Well, this formula definitely seems to work for you! I sincerely hope to see more of the same in the future. Speaking of which, haven’t you just put out a new book based on one of your Splintered Love stories?

Yes, it’s called Eventus and it follows the same formula as, Reckless Thoughts. Actually, Eventus came before Reckless Thoughts. I reworked the ending to follow the romance theme of the anthology. To go further, the book I am currently working on titled, Perfect, is about a teen who is born nearly omnipotent. As he gets older, he gains more abilities. He suppresses his powers until a tragic event happens. After that, he doesn’t give a damn about anything and he uses the powers for his own amusement. It goes into depth about the main character in Eventus / Reckless Thoughts as we watch him grow from an innocent child into a monster.

It’s something about having godlike abilities that can make one hell of a story and that’s why I’m drawn to it.

THE MORIUM TRILOGY

Speaking of topics you’re drawn to, I recently got a chance to listen to your interview with Laney Smith on BlogTalkRadio from October of last year. Such an emotionally powerful interview.

I especially enjoyed the discussion on the Morium Trilogy and how you’ve used it to encourage a focus on bullying. As someone who was bullied most of her school years, I must ask, how do you feel being bullied has changed you?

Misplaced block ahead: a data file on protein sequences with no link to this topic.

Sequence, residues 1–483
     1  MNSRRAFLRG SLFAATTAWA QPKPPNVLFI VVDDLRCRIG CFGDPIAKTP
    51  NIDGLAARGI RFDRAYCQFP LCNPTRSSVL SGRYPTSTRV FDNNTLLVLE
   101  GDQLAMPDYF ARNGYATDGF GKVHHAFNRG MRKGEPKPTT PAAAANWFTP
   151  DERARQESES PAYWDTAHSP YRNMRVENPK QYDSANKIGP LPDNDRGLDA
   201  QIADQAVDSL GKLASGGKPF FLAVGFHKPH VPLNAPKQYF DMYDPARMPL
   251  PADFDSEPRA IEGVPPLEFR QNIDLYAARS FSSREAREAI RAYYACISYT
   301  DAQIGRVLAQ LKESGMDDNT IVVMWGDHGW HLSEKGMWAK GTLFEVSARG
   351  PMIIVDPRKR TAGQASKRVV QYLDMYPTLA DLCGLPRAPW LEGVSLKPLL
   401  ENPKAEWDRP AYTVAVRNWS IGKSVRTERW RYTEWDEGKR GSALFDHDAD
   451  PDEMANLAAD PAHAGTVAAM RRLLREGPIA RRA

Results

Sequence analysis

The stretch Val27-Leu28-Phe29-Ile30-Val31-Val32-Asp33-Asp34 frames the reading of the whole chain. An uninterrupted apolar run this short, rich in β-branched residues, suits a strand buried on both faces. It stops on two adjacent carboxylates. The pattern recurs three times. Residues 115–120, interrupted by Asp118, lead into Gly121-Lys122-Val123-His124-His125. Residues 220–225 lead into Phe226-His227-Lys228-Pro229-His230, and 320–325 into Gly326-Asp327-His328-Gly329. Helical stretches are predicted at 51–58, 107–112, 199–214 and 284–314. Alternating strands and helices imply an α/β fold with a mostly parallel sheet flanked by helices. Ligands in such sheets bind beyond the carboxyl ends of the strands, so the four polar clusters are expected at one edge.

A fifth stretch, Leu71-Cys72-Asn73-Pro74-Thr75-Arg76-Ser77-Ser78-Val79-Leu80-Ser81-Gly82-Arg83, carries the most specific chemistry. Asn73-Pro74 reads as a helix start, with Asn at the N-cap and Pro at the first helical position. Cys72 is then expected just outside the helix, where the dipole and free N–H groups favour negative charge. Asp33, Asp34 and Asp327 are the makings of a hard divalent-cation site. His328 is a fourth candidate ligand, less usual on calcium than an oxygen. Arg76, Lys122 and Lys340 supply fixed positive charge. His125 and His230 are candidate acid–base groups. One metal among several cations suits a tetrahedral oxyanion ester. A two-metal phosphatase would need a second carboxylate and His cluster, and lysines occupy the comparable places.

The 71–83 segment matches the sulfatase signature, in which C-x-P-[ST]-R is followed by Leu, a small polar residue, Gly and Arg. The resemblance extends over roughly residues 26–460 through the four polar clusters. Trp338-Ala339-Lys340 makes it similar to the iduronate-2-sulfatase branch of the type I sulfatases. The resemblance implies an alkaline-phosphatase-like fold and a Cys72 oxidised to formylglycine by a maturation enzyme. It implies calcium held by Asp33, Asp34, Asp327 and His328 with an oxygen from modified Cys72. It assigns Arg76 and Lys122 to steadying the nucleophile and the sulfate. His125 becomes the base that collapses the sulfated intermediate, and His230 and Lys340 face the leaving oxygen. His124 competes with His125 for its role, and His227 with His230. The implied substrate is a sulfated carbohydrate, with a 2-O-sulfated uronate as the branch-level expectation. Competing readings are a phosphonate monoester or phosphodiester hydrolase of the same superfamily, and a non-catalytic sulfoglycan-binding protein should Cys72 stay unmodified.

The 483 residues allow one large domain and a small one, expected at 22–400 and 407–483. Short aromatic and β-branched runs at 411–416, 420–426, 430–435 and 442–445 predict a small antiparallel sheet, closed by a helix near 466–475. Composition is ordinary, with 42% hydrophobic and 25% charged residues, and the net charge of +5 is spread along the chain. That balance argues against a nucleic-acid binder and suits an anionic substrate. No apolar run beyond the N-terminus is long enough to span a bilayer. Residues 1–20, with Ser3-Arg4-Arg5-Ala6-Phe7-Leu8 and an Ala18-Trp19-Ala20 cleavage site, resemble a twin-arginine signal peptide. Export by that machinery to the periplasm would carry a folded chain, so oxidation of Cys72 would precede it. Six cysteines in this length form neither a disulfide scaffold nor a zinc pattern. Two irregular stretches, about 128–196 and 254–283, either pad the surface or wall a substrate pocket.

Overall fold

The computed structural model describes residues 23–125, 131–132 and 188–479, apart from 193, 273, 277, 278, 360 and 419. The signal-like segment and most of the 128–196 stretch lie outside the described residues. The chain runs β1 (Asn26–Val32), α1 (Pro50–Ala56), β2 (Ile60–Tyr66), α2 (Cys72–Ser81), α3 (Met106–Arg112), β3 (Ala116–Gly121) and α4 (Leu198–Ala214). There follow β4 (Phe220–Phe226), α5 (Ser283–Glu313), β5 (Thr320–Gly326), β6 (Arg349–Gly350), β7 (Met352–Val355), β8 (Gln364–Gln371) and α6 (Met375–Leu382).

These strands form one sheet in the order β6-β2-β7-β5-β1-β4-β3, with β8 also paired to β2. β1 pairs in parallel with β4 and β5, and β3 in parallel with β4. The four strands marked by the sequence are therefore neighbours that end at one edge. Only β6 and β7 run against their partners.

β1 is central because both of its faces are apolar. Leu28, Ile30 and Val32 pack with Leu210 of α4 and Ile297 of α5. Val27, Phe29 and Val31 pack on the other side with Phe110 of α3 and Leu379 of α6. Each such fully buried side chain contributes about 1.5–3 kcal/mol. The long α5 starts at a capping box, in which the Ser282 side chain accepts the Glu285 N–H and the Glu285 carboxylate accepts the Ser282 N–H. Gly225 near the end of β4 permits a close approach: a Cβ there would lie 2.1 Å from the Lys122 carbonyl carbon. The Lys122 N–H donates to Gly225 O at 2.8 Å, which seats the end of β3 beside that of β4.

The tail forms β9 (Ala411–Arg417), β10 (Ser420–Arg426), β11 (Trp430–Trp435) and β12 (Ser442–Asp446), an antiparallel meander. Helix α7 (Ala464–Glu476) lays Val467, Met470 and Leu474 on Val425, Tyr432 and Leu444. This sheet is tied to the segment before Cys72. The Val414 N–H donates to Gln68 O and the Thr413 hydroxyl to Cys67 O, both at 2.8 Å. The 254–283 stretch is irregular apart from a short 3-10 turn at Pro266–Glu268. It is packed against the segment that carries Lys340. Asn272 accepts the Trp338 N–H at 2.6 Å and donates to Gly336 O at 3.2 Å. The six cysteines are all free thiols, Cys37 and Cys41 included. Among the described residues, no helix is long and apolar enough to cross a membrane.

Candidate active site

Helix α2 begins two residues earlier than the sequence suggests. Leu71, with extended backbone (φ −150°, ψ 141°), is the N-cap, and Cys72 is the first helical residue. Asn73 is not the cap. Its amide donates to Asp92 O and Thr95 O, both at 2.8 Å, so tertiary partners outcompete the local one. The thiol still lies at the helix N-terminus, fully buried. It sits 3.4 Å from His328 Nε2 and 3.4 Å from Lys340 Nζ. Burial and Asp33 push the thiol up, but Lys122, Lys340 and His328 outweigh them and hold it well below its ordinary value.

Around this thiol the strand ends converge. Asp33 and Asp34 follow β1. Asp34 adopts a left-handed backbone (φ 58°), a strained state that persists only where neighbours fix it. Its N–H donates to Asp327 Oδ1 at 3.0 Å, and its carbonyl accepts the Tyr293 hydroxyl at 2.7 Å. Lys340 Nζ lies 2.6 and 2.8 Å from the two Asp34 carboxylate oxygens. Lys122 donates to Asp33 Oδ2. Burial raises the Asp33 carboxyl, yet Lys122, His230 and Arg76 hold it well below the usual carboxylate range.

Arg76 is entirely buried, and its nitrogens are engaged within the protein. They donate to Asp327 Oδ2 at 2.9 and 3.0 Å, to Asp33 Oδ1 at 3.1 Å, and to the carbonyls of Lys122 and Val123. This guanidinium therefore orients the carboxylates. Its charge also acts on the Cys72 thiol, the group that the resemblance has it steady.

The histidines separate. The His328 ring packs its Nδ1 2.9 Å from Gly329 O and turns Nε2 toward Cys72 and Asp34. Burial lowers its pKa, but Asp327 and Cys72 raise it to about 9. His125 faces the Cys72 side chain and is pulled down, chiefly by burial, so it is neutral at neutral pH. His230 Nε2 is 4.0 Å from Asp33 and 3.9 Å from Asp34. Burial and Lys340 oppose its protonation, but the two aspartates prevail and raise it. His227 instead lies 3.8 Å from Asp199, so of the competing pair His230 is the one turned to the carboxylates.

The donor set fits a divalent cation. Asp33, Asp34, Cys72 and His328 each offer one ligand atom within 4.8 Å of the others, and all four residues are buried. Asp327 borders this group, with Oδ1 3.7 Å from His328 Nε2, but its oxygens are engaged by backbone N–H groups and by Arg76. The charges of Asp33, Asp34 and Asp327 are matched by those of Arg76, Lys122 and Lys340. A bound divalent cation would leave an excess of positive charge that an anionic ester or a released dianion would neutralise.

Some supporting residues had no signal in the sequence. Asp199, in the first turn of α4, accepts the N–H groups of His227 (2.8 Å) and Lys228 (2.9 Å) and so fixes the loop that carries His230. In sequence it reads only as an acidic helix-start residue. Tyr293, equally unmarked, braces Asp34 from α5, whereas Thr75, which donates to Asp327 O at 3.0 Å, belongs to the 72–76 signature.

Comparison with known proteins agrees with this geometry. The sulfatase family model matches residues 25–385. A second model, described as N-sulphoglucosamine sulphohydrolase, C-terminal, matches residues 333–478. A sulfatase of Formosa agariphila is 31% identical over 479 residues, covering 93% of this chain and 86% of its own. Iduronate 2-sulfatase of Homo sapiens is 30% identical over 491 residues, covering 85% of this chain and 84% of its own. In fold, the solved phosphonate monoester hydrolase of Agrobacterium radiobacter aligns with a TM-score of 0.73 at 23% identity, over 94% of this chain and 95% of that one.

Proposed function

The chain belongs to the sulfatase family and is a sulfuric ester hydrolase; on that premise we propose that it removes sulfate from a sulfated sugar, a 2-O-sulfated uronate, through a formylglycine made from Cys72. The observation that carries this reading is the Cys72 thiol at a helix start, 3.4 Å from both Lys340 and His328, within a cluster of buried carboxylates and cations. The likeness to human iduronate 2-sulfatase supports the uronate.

Thank you for listening. I thought really hard if I should bring out my demons for all to hear. Laney is such a fantastic host it made it easier. For the longest time, even after the bullying had stopped, I would say my Junior year, the emotional scars stayed with me. My self-esteem was in the toilet. I had no confidence in anything I did. Thirty years later, I still suffer from depression and anxiety with bouts of self-harm. Writing has become a tool for me to release some of what I’ve kept locked away, which is probably why my writing is dark in nature.

In what ways do you feel your writing has helped you?

It’s an outlet to convey how one (myself) deals with emotional problems. I can write about it and yet, I hope, don’t come across as being preachy. Devin is Desperate Souls was/is essentially me. Living in darkness waiting for a glimmer of light to shine through the darkened skies. Now, in the story, it was Moira that’s the glimmer of light. Where in me, it’s the writing.

And what reactions have received to your “bringing out your demons”? I hope supportive!

They have been positive. The main reason I decided to come out was to show that men do suffer from depression and self-harm and not solely focused on women.